13. Client Approval Deadlines Are Critical

While we build extra time into any approval-based deadline, when a client just ignores it completely, it can cause an issue—whether it is us having to constantly follow up or their projects falling behind. Deadlines are in place to ensure the timely (and cost-effective) delivery of campaigns. – Christopher Tompkins, The Go! Agency

14. Honesty Is Essential

Be honest with us about everything: the good, the bad and the ugly. The “ugly” is most important. It doesn’t matter what you’ve tried that didn’t work; it matters that you share this information with us so that we can assess it objectively. We’re not here to judge; we’re here to help. And to help, we need all the information—even things that you might not think are important. – Vix Reitano, Agency 6B

Too often in marketing, we allow the strategies we have always relied upon to distract us from new avenues for growth. Marketing is fluid, and the moment you think you’ve got it all figured out is the same moment that the script is flipped and you find yourself on the outside looking in. This is the perpetual cycle of business, and the only way out is through.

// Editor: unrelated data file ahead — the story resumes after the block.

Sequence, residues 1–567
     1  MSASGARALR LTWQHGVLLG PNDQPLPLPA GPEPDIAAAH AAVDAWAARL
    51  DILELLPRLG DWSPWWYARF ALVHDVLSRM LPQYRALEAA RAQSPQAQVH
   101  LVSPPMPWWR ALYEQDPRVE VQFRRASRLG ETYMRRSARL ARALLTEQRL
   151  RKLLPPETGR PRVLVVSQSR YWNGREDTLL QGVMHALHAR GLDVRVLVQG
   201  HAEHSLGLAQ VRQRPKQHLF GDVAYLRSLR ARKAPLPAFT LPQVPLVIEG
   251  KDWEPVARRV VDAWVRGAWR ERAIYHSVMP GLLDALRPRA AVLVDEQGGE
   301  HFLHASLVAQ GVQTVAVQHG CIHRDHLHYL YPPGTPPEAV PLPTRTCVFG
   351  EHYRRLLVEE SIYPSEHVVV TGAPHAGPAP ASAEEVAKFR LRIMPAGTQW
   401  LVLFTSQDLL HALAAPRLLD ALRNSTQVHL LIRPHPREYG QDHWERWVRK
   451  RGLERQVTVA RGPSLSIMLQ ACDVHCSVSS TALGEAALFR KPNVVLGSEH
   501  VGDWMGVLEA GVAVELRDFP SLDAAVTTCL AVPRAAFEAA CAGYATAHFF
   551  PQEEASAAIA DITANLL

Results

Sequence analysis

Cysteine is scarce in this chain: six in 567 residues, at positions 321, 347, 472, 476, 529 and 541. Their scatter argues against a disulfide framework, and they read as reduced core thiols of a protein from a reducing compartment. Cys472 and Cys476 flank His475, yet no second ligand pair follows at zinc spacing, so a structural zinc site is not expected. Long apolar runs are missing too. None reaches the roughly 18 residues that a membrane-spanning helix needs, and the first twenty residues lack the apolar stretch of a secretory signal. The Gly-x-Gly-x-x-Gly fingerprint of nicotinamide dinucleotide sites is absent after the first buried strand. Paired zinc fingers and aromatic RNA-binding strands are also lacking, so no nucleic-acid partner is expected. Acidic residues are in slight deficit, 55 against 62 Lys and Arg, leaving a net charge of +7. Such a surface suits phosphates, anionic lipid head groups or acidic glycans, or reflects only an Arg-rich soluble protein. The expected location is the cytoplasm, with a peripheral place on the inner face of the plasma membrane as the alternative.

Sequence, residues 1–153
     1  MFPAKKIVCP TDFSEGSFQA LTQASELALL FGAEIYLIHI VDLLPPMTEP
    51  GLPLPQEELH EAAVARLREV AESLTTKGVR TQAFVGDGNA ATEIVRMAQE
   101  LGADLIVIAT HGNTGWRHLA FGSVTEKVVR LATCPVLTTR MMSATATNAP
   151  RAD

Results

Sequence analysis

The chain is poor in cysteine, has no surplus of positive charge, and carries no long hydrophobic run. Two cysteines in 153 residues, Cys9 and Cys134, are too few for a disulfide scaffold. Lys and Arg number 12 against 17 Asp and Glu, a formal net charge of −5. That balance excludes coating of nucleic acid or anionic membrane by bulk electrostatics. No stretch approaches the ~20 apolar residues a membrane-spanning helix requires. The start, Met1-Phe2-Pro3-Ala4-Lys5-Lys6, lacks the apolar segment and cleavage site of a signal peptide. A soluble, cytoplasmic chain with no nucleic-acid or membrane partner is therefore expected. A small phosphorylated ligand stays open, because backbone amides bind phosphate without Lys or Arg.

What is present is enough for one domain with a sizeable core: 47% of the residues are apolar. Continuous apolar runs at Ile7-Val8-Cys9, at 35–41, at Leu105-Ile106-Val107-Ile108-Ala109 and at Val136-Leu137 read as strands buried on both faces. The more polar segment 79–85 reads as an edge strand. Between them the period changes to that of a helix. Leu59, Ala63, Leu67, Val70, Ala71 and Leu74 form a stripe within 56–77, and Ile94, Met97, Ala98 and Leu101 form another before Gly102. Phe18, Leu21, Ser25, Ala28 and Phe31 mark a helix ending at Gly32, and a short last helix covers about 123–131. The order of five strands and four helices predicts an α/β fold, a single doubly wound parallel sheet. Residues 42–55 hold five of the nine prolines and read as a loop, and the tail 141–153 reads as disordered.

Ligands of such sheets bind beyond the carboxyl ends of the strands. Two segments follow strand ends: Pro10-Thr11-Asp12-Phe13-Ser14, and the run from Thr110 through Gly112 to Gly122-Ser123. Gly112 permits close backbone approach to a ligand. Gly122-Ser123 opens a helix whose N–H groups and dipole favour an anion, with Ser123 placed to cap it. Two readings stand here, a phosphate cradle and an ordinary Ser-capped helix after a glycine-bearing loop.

The tactics that once easily won in the marketplace can quickly become antiquated and even detrimental to your continued success. Being aware of this is the first step to staying ahead of the curve, but with awareness comes the responsibility to act.

Try new strategies. Experiment with workflows you’re unsure of. Don’t take anything for granted. By doing so, you won’t just reveal the actual value of what you think you know, but also new methods and practices that can only be discovered through iteration.

Below, I share six tips based on assumptions we ought to rethink.

There isn’t much differentiation between ‘awareness’ and ‘demand.’

In today’s world, there is no shortage of contact data for B2B audiences, and channels where you can reach them on a 1-1 basis are numerous. Awareness and demand tactics are no longer that different. It is high time to test your assumption that some activities are “awareness” and some are “demand.” The distinction may be a relic.